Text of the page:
DScargill_Caberet_550He was also, although not many people knew this, a very compassionate man often doing small but useful jobs for many people. He would worry about other people’s health and would often ask ‘do you think so-and-so is alright?’.

He was a man who liked to laugh, and was sometimes quite clumsy (falling over his own feet comes to mind). He enjoyed walking, taking a coffee break, and sitting down for a good old chat.

But he really loved having a pencil in his hand to capture a moment. He once said,

“Just a moment in time is a lifetime in paint.”

David was 84 when he passed away in the summer of 2017. Rest in Peace our David.

Obituary by George Bird

The Exhibition:

David was a regular volunteer at the gallery both as an invigilator and behind the scenes helping to hang exhibitions when called upon.  This exhibition is a mixture of paintings and drawings with landscapes, animals, people and life drawings.  All artwork is for sale. David’s family have requested that all proceeds go to charity.

Opening: 10 am – 4 pm every day except Sunday from 05 February until 17 February.

Images taken from the exhibition.  Click on any image to see a larger version (opens in new tab/window).

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A breast cancer awareness art exhibition.

Images and words of breast cancer journeys

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LouiseStedman_500Louise Stedman participated in the Edinburgh Half Marathon in May 2012, running a personal best time and fundraising in excess of £600 for a cancer charity along the way. Just a few weeks later, aged 48, Louise was diagnosed with stage 2 invasive lobular breast cancer.

Louise kept an account of her journey and experiences in her blog “Dancing in the Rain”.  www.lulusjourney2012.blogspot.co.uk

TraceySwift_PortraitOfCoreen_550Despite the familiarity of The Pink Ribbon Louise became aware of how little she and the people around her actually knew about the consequences of a breast cancer diagnosis. She know little about the various types of breast cancer, the treatments including lumpectomy, mastectomy, drugs, the subsequent drains, pain, healing, reconstruction, prosthesis, side effects, issues with body image and self-esteem and finding a “new” normal.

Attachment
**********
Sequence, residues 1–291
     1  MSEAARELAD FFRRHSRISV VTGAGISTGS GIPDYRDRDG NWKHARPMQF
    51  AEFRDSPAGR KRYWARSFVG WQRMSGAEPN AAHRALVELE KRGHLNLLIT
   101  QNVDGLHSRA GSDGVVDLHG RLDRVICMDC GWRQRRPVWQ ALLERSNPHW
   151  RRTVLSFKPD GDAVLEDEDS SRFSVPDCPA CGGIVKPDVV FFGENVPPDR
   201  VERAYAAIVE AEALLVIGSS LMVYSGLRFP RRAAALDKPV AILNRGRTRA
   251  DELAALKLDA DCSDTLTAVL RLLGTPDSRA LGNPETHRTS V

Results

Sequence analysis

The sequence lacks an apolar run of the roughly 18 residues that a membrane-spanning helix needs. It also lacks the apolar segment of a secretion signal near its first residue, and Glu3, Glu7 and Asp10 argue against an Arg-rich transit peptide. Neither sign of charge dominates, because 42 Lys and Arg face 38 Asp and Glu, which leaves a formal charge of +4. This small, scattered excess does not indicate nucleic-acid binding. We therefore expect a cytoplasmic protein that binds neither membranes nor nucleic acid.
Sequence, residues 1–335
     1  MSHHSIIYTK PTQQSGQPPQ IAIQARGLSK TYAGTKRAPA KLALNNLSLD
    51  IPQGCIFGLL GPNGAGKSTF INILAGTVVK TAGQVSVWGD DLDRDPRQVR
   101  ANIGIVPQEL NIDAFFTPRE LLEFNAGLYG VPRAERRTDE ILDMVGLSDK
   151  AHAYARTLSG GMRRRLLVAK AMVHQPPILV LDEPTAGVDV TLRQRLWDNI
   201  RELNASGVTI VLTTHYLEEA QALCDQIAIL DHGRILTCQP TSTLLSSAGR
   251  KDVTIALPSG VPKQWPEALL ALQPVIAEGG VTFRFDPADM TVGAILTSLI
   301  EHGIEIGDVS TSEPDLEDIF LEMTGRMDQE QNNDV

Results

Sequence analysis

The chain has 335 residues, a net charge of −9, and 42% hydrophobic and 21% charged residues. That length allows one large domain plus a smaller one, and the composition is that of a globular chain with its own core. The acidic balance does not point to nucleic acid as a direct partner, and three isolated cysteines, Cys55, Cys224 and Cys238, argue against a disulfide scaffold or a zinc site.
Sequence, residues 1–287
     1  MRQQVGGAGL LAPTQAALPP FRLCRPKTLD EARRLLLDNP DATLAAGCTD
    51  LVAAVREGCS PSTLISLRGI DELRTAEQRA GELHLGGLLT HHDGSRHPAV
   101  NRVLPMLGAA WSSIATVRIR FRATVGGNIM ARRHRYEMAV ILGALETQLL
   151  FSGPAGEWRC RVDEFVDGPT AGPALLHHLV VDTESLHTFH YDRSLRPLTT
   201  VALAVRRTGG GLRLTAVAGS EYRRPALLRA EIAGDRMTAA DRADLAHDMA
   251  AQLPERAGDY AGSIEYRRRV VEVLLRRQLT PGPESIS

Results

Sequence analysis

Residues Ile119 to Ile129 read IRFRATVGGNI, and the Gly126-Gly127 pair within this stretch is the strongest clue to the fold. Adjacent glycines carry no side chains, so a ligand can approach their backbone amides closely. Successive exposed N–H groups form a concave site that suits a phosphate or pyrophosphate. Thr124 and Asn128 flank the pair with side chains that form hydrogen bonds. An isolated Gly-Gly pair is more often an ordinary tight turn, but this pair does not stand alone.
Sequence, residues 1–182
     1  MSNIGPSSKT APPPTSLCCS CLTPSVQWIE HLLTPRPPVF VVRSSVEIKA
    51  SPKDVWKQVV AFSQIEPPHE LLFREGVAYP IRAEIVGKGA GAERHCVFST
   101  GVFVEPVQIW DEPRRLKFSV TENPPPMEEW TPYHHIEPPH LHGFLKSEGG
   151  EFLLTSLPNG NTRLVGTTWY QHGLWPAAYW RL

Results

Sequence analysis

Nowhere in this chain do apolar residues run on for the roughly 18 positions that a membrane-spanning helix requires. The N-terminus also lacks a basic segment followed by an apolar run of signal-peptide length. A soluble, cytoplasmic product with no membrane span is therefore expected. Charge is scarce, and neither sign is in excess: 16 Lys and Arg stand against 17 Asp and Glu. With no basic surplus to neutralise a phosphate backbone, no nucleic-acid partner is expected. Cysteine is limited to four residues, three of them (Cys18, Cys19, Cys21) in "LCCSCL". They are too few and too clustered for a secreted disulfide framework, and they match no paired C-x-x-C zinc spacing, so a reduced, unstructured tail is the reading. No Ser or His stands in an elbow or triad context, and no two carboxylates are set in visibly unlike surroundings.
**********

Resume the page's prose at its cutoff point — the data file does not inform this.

Louise decided to give up her support work and focus on herself and her healing. She had a vision to raise awareness through an art exhibition and The Breathless Breastless Project was born. Louise spent several months coordinating a fantastic team or artists and survivors to create this compelling collection of works.

Breathless Breastless Project opened its first exhibition in Aberdeen in June 2014 and has since exhibited at several venues including the Saltaire Arts Festival and The Museum of Scottish Lighthouses in Fraserburgh.

Bainton_550Artists and participants:  Lou Loakes, Beate Allerton, Tracey Swift, Sonya Binnie, Paul Stedman, Mags Gray, Maggie Kelly, Jane Birrell MacKenzie, Kelsey Henderson, Evelina Cassari, Sarah Harper, Doug Harper, Jane Glue, Rosy Long, Justin Padget, Hannah Foxley, Hayley Judson, Dee Henderson-Haefner, Coreen Helen Ann Gillespie, Lorraine, Lindsay Dawson, Zoë, Barbara Devey.

The exhibition is open 10 am – 4 pm,  Monday – Saturday until 25 November 2017

Please be aware that the exhibition contains graphic images and nudity.

www.breathlessbreastlessproject.org

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Images from the top:  Private view, Louise Stedman, Portrait of Coreen by Tracey Smith, Bainton Room, Somersby Room.  Photography by Martin Cameron.